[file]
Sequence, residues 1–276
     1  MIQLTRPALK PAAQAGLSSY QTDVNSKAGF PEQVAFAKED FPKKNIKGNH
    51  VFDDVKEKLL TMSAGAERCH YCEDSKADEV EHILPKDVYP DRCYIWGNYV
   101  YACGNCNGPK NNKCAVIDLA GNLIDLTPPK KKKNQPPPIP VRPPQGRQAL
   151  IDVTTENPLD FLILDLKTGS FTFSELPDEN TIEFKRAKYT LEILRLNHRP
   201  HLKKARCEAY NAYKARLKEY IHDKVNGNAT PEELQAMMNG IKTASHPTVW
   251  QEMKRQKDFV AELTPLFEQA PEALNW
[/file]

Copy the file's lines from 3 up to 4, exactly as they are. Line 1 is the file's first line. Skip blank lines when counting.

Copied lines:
    51  VFDDVKEKLL TMSAGAERCH YCEDSKADEV EHILPKDVYP DRCYIWGNYV
   101  YACGNCNGPK NNKCAVIDLA GNLIDLTPPK KKKNQPPPIP VRPPQGRQAL